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Ray Evans, left, talks with Danville Area Community College Coordinator of Community Education Laura Hensgen and DACC Director of Small Business Development Mike O’Brien. Hensgen and O’Brien used an automated external defibrillator to save Evans’ life after he went into cardiac arrest Sept. 1 at the Village Mall.

It’s been almost a month since Ray Evans suffered a cardiac arrest while walking at the Village Mall, but it’s something he thinks about every day. The brush with death made him reflect on how fortunate he was that help was nearby.

The two people who saved his life think about it often, too, marveling at how Evans could have died if circumstances had been different.

All three agreed, however, that an automated external defibrillator (AED) saved his life — and everyone needs to become more familiar with the device, and not be frightened by it.

Heart history

Evans, 77, of Danville, has been battling heart issues for 15 years, having had open heart surgery and three heart attacks. He walks every morning at the mall with his wife, Vivian.

On Sept. 1, shortly after 8 a.m., Evans was walking in the corridor near the Danville Area Community College office when he felt extremely tired. He paused at an informational kiosk before trying to reach a bench. That’s the last thing he remembers.

Meanwhile, Laura Hensgen and Mike O’Brien were starting their day at the DACC office; she is coordinator of community education and O’Brien is director of the Small Business Development Center.

They heard a couple of women shouting for help, and O’Brien rushed to Evans’ side. He was unconscious and his breathing was labored; O’Brien started chest compressions.

Hensgen called 911 from an office phone, kicked off her flip-flops and sprinted to the mall’s center court. She grabbed the AED from the wall.

Hensgen had training on a defibrillator while working at St. Paul’s School five years ago, and O’Brien learned during an orientation at DACC last year.

Although both have had training on the device, they stressed anyone can use it. The device has clear directions and also gives verbal instructions.

O’Brien placed the pads on Evans’ chest and the AED analyzed the heart rhythms. The AED indicated an electrical shock was needed, and O’Brien pushed a button. That got the heart going.

The AED is designed for the lay person and talks a user through each step. If no shock is needed, it will say so.

Paramedics arrived and administered oxygen; Medix transported Evans to Provena United Samaritans Medical Center, where he was stabilized before being moved to Indianapolis.

A lucky man

He was in the hospital seven days, and had a defibrillator and pacemaker inserted. Dr. Brij Sodhi called him a lucky man, Evans said.

“Had it not been for the defibrillator and those two guys who took training on it, I would have been history,” Evans said.

“From the start to the finish, this has been a big deal. Everything came together.”

He wrestles with the bigger questions, too: “What does God have planned for me? Or what is he trying to tell me?”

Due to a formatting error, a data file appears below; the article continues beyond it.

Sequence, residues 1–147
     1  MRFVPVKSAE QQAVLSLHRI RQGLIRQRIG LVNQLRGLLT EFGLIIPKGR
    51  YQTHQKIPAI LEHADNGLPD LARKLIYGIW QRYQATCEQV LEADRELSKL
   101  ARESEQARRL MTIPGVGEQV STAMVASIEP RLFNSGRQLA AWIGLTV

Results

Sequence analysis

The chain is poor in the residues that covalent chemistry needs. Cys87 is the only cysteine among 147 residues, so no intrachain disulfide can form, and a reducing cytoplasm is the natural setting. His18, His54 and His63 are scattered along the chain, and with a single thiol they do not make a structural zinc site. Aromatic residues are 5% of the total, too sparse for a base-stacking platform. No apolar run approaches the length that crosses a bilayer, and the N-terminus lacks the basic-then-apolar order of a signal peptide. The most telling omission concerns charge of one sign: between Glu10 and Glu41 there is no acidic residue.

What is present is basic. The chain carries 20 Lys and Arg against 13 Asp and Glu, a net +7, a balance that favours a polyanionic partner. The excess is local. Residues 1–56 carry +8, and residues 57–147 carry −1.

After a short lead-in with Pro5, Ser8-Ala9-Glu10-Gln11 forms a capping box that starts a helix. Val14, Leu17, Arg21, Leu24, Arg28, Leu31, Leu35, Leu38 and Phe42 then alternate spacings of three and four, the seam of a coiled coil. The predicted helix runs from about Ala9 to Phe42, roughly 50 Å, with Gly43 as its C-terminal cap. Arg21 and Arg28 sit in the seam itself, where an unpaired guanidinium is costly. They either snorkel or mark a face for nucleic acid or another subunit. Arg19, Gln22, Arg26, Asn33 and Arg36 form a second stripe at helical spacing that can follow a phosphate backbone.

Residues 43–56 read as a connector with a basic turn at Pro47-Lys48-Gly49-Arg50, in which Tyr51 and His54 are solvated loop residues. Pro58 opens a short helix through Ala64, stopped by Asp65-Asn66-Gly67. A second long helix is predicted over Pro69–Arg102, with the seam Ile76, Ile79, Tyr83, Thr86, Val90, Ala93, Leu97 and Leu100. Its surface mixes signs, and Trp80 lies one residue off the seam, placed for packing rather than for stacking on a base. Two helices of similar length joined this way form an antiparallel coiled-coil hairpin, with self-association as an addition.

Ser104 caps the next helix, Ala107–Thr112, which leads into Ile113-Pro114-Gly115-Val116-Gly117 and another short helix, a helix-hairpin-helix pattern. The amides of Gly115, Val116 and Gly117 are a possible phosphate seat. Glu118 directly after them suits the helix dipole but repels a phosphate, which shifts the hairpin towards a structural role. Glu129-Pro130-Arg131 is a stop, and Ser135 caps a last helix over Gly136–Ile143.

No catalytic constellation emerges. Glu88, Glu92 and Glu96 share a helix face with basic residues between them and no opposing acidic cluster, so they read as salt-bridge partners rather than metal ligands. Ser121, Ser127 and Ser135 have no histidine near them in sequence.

Hensgen said she, too, plays that day over and over in her head. From the time Evans went down to the time of the defibrillator shock, three minutes had elapsed, she guessed. Each minute that passes is crucial.

“God played a big role in this,” she said.

All the factors were on Evans’ side. He just happened to be walking near the DACC office — the only one open at that hour. The office was manned by two people who were familiar with the AED and knew where it was located in the mall.

If he had fallen in a different corridor, help might have been delayed.

The AED has been in the mall — mounted on a wall in an unlocked cabinet at the former food court — about six years, and the security guard checks its battery every day. Provena is in charge of it. That day was the first time it had been used.

Don’t be afraid

The incident is a reminder that people need to know where an AED is located in a building and how to use it.

However, Hensgen said, “Without training, the AED is easy to use. Pictures show where to put the patch. If a shock is needed, a light flashes.

“It couldn’t be easier to use. Don’t be afraid of it. It’s very simple.”

Judy Pendleton, a registered nurse at Danville High School and the Evanses’ daughter, agreed. She advised people to take the initiative if they see someone having cardiac arrest and use the AED, even though it seems foreign.

“It’s self-explanatory,” she said.

After her father’s incident, she sent e-mails to the District 118 staff, advising them to know the locations of the AEDs in the buildings and encouraging them to contact the nurse for further information.

As for Hensgen and O’Brien, she said, “They truly, without a doubt, saved his life.”

Troy Dunn, coordinator for Provena Regional EMS, said the incident shows how important it is to have AED units in public places.

“Time saves lives. If you can get one on somebody within 4-6 minutes, there is a 90 percent success rate,” he said.

Provena Regional EMS provides training, maintenance and oversight on more than 900 AED units in Central Illinois.

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